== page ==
It is hard to believe that a man is telling the truth when you know that you would lie if you were in his place - H.L. Mencken
THE LATEST DEVELOPMENTAL VERSION of Google's Chrome web browser has made it much easier to delete user behavioural information, but there's still word on whether it will provide a 'Do Not Track' feature like those already offered by Firefox and Internet Explorer.
This new version of Chrome deals in particular with Flash cookies, or what should properly be called 'local shared objects'. These are supposed to be useful for storing user preferences, such as your Flash video volume, but they can also be used by certain nefarious websites to restore Flash cookies even after you've tried to delete them.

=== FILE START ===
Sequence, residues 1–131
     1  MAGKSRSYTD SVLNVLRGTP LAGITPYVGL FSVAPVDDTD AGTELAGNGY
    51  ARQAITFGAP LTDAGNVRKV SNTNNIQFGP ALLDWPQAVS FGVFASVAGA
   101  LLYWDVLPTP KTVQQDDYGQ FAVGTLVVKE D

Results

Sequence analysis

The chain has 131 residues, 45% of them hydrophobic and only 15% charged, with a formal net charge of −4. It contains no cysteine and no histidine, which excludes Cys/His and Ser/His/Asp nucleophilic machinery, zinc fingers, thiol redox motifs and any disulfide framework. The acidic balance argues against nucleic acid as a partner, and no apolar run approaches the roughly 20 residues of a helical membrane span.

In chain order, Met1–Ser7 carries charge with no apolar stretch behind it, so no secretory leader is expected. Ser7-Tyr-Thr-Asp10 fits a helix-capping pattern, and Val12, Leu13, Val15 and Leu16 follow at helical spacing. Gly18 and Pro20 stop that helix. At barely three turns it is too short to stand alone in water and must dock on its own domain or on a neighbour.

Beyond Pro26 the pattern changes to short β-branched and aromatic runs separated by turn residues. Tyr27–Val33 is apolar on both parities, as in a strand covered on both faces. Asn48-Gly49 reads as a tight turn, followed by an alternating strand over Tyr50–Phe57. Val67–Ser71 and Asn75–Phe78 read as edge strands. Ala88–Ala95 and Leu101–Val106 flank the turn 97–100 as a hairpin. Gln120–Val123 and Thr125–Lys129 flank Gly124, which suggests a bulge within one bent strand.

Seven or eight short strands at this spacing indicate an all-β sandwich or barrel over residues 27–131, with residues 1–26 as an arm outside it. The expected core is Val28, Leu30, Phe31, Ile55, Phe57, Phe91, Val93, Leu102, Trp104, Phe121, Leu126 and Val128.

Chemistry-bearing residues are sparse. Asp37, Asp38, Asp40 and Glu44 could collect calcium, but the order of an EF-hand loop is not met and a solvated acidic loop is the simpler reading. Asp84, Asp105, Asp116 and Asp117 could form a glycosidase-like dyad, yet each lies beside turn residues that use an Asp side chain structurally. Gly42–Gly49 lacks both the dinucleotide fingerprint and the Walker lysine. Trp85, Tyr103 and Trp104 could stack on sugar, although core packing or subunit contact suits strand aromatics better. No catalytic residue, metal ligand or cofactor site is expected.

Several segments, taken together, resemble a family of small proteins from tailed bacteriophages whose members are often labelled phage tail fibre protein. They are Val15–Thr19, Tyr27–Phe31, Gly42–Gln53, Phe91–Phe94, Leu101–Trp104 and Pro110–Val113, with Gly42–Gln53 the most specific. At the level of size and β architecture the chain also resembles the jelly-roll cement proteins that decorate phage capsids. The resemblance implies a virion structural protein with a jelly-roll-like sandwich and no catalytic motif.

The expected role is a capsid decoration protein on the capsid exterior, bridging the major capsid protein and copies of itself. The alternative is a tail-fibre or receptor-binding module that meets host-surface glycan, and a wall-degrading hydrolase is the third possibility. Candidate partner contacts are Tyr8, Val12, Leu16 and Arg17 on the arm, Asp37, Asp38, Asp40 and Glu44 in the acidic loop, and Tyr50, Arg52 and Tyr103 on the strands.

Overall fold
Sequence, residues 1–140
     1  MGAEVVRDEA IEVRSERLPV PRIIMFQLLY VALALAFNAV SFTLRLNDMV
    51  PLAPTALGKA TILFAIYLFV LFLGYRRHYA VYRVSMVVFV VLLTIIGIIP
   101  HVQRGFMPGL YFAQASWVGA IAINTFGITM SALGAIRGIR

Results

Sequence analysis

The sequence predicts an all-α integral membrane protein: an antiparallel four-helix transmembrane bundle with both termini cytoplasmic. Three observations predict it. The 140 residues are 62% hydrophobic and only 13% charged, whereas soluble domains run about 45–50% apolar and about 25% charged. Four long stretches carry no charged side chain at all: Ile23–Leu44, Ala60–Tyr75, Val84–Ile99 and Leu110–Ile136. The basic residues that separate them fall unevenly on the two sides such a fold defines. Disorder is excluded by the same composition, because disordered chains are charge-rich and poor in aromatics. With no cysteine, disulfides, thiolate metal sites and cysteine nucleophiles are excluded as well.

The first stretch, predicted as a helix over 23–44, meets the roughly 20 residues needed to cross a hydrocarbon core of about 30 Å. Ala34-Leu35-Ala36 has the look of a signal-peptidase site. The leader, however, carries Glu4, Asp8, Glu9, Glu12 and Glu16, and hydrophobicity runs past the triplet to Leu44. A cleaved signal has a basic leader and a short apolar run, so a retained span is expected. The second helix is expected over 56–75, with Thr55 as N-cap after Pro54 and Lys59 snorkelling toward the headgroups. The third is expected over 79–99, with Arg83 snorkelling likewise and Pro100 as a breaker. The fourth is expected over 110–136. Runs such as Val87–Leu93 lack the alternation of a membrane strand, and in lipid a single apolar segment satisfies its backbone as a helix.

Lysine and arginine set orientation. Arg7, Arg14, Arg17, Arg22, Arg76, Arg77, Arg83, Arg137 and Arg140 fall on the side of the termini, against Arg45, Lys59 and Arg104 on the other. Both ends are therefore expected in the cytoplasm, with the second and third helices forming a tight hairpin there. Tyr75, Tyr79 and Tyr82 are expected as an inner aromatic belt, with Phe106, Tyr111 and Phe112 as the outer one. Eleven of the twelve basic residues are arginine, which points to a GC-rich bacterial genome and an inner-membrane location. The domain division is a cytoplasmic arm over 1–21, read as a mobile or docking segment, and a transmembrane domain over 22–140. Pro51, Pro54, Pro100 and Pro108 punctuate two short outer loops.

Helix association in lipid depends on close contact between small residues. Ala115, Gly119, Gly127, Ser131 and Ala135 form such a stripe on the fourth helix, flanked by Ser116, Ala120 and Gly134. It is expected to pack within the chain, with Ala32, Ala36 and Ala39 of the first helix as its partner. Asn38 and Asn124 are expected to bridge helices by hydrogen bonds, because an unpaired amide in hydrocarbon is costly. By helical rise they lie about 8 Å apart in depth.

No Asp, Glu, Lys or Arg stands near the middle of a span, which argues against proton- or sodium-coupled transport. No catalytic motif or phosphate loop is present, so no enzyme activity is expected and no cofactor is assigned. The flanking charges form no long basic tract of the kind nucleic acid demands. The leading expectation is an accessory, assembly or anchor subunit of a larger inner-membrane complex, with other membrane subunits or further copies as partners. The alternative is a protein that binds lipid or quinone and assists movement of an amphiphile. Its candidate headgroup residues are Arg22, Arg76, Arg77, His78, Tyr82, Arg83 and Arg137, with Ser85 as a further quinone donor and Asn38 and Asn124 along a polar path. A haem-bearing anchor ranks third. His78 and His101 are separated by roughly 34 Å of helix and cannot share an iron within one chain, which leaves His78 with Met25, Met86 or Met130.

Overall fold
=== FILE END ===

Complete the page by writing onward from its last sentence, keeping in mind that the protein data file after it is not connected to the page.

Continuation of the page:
Thanks to code in Flash Player 10.3, you can now delete Flash cookies and other local plug-in storage data by clicking Wrench, Tools and then Clear browsing data. Flash is the only plug-in where you can delete your user data like this, but Google is hoping others will follow suit.
However, some people might not think this goes far enough, as Google Chrome still hasn't added a 'Do Not Track' privacy feature, which Internet Explorer and Firefox already have and it's believed Safari will also have in the future.
This involves a simple tick of a 'Do Not Track' box, which allows you to opt out of behavioural advertising. Coincidentally perhaps, Google brings in most of its revenue by selling advertising. µ
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